There was a lot of hype about viral marketing when social media first appeared. Nowadays, you need to have more to offer than just a single little film with a good jingle circulating on social media channels. A good content marketing strategy is required to form a continuously strong bond with your target group. The “hero, hub, hygiene” method provides a solid base for this.
In the early days of Web 2.0, creating a good viral content was like looking for a golden egg. The formula was quite simple: come up with shocking, funny, or at least well-structured content (quite often an image or a video) and let it loose on YouTube and all social media channels. Your target group would do the rest.
This strategy had one big drawback. First of all, it caused enormous peaks: in views of the content itself, in attention for your company, and – if you were lucky – in sales figures. Once the viral had lost its magic, though, visitors did not return. This means that quite often, investing in viral marketing is not a long-term success.
Content marketing took over the role of marketing division catalyst. It may seem like stating the obvious to say it, but good content can be used to move and motivate your target group, creating enthusiasm. And especially to ensure long-term loyalty. But a good strategy is essential, as content is like sand running through your fingers. Without a strategy and context, blogs and videos, among other things, are merely one-shots.
Google introduced a content strategy as a guideline for marketeers who wanted to build up a fan-share on YouTube. The web giant called it “hero, hub, hygiene,” referring to the three types of content upon which this strategy is based. Although it was originally intended to be used for video content, this applies to all types of content marketing in a more general sense. The strategy works, as I know from experience: at SAP, hero, hub, hygiene forms part of our content strategy.
But what is hero, hub, hygiene?
The hero, hub, and hygiene approach is based on three types of content:
This is the content that was previously popular in viral marketing. This is a blog, article, or video that attracts enormous numbers of visitors and in which you – as an organization – invest a lot of time and effort. This may be content related to the most important event or product launch of the year.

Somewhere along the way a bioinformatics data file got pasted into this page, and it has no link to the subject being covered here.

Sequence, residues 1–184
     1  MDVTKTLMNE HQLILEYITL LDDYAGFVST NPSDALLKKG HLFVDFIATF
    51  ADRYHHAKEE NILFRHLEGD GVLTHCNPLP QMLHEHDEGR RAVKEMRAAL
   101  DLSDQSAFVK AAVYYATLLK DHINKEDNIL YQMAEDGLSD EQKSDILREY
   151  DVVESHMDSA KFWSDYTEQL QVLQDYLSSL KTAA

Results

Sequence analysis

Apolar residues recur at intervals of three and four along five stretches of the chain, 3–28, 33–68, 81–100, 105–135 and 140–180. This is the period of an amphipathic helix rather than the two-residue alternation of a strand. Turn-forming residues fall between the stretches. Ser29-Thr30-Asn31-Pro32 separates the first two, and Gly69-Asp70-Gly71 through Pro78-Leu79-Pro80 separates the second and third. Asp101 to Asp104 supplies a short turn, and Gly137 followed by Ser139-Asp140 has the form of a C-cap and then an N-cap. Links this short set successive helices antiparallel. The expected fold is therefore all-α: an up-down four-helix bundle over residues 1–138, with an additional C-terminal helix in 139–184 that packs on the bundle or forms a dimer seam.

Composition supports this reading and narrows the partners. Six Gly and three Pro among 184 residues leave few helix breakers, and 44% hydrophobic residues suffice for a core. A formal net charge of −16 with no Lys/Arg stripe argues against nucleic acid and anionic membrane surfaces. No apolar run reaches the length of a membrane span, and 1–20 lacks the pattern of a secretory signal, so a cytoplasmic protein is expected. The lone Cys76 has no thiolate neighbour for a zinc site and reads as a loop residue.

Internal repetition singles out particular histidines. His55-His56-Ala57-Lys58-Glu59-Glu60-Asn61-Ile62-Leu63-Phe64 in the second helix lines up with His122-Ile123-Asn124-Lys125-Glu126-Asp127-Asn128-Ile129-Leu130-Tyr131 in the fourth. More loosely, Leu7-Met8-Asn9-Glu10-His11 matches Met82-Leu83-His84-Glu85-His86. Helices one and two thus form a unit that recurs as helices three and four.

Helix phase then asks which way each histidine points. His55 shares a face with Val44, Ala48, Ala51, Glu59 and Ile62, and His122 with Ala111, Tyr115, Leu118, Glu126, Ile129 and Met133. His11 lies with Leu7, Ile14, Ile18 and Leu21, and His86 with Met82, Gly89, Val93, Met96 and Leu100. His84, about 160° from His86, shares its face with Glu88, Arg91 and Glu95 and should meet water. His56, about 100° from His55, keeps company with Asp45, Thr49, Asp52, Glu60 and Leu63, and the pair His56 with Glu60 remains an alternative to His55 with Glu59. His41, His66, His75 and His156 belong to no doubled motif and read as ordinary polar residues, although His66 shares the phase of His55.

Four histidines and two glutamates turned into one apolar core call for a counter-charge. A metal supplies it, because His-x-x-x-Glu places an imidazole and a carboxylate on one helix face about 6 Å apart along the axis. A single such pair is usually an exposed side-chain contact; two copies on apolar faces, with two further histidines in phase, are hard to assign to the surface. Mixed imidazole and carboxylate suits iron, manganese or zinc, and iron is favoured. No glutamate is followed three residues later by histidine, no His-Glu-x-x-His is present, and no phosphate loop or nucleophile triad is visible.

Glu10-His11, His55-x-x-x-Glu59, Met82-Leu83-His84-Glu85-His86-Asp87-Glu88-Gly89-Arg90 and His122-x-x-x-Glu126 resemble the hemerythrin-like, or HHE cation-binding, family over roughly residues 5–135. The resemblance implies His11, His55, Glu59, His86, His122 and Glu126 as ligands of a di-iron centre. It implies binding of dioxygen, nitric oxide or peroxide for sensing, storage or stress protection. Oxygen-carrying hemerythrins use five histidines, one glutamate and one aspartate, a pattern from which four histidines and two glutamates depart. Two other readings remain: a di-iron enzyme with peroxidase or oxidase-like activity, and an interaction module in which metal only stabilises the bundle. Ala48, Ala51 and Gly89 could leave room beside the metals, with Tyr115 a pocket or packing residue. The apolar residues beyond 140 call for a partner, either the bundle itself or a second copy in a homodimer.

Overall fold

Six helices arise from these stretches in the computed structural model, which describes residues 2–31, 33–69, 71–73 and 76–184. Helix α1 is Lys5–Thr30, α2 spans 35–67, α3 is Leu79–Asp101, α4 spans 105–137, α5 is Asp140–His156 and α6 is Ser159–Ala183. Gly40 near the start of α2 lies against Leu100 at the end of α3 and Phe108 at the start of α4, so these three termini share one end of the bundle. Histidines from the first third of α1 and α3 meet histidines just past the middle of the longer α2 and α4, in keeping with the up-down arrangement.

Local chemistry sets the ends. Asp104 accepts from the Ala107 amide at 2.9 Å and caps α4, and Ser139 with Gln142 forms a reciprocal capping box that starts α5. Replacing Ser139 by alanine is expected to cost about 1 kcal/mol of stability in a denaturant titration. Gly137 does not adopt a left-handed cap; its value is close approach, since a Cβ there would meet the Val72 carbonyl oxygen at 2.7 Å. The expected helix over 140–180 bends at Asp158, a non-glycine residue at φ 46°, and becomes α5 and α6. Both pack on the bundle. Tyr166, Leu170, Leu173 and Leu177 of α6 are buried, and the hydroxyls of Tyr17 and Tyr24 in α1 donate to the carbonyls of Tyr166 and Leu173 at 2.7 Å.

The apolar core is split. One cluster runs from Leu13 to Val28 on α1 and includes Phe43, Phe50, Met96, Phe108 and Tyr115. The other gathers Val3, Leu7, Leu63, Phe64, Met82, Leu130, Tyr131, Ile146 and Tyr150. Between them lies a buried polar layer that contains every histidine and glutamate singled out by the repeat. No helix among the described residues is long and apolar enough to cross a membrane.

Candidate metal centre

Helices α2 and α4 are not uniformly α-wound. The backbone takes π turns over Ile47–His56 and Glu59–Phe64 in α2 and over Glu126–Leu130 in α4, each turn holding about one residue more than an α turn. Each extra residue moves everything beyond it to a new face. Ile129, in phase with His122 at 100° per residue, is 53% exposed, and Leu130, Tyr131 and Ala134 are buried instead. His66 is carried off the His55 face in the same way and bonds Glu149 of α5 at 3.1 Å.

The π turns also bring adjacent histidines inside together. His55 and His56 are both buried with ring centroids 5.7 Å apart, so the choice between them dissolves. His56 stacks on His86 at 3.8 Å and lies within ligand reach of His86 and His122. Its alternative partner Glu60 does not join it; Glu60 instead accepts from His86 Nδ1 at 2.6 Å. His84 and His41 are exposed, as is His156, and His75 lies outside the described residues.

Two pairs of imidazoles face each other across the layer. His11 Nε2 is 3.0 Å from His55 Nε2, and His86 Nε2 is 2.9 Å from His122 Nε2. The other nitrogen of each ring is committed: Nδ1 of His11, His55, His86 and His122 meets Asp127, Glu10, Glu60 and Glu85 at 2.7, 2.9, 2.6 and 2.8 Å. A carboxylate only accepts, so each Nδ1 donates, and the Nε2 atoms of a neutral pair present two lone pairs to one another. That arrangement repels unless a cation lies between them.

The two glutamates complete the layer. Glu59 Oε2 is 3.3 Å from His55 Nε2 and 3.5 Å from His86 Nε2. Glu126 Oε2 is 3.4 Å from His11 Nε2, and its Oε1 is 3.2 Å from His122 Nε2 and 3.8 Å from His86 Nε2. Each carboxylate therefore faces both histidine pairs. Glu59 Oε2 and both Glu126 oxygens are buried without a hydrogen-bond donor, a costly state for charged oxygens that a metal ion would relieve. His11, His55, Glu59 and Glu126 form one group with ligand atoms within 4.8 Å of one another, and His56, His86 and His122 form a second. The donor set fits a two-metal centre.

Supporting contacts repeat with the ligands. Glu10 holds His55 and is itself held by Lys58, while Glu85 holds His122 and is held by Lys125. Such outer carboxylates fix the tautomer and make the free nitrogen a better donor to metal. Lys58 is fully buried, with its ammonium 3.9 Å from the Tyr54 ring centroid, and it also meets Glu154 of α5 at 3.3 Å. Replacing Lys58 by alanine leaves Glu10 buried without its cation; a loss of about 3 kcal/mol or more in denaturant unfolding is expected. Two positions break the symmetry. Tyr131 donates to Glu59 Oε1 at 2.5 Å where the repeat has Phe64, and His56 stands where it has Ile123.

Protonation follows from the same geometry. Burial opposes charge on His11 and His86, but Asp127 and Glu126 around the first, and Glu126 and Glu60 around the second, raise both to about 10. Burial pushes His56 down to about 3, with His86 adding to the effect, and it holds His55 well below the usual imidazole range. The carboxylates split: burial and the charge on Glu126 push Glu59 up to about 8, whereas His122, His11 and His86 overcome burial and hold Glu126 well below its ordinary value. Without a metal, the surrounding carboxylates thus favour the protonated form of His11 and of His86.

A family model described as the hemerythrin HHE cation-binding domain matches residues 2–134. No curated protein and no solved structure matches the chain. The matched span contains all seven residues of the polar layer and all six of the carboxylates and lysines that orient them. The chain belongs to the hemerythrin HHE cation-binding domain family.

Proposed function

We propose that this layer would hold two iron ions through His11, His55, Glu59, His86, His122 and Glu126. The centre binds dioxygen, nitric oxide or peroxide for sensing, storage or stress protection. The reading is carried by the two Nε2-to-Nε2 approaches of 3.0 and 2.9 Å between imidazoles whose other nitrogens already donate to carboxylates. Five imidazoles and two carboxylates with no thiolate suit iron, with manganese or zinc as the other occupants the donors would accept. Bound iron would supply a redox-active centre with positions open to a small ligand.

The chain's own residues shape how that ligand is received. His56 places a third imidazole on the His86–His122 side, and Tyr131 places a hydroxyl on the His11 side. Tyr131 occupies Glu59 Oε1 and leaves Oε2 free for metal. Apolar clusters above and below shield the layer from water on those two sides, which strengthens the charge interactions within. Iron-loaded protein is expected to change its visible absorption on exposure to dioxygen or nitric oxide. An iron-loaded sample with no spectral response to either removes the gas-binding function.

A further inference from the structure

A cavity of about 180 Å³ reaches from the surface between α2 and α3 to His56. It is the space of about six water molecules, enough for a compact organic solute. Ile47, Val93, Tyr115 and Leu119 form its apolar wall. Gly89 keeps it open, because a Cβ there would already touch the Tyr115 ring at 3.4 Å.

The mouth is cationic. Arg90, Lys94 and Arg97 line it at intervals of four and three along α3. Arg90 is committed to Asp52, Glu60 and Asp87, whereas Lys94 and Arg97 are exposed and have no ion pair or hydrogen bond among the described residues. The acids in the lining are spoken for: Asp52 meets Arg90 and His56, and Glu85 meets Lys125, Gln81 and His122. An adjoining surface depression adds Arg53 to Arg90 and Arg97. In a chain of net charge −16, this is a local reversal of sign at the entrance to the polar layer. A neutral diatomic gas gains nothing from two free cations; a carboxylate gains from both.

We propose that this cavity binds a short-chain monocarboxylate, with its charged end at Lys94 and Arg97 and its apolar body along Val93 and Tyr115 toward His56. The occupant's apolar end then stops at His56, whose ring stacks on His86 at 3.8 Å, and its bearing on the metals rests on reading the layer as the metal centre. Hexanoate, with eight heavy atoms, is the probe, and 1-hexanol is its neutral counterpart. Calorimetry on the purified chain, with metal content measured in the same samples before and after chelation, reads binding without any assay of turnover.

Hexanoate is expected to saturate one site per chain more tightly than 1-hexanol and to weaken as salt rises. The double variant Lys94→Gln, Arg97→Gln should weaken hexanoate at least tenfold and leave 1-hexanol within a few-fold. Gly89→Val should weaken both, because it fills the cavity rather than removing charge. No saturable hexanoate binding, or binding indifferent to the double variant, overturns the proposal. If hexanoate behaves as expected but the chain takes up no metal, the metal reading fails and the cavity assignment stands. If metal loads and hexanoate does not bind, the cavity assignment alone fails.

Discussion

In contrast with the two other types of content, an advertising video works best here. Even better: an advertising video makes it possible to let loose completely when it comes to viral sensitivity. What is important is that it should address a wider target group and have the potential to go viral. A normal frequency is one to two hero productions per year.
This Volvo commercial is a good example of hero content. It is actually quite an old-fashioned advertising video, but one that went enormously viral due to the sensational performance of the main actor.
Hub content is content that has been specially aimed at the specific interests of your target group. This allows the company to lead the target group, ensuring that it remains in view.
This content is always actively pushed to its intended recipient or appears at regular, predictable intervals so that visitors will return at specific times. Think of a series of blogs, in which the bloggers explore a specific phenomenon in greater depth. Or videos that deal with a specific topic each week.
This is daily or at least regular content that is particularly aimed at searches carried out by the target group. Examples are how-to articles, recipes, workshops and “what is …” articles.
The aim of the content is to draw new visitors, especially via search engines. By offering this support content, you are helping to build up the perception of reliability and goodwill of your organization. This is also the broad undercurrent: as far as frequency is concerned, hygiene content has the highest ranking.
The strength of this content pyramid is that these types of content interact and reinforce each other. The hero content builds up visitor numbers: it can boost your corporate brand in the short term, thus adding a lot of subscribers to your YouTube channel, for example.
The hub content then ensures visitors keep on returning. This can’t be combined with commercials, as nobody likes to see repeated advertising videos from the same company. However, it can be combined with useful content for a specific target group segment. By using good hub content to create a lot of involvement and response, you start to relate to a target group, resulting in new content ideas for all three of the content categories.
Finally, the hygiene content ensures good visibility in search engines. This means a stable stream of new visitors, who can then link to the hub content. They might do this by subscribing to a newsletter or a specific YouTube channel on which hub content of interest to them appears. Above all, hygiene content creates insight into what is currently trendy and what is not.
Yet another argument for the hero-hub-hygiene strategy: it forces divisions to work closely together. Social media managers, content producers, and web analyzers must repeatedly come together to share their insights. This creates a mutual feeling of responsibility for and involvement with the overall content marketing process.
Content marketing is something many companies want to use. Without a solid base, however, you will use up your budget faster than you think without getting much in return. The hero-hub-hygiene method lets you retain your visitors and actively work on creating a close-knit community. In the end, this is what pays off.
For more on developing content that resonates, see How to Create Better Marketing Stories: Find the Heroism.
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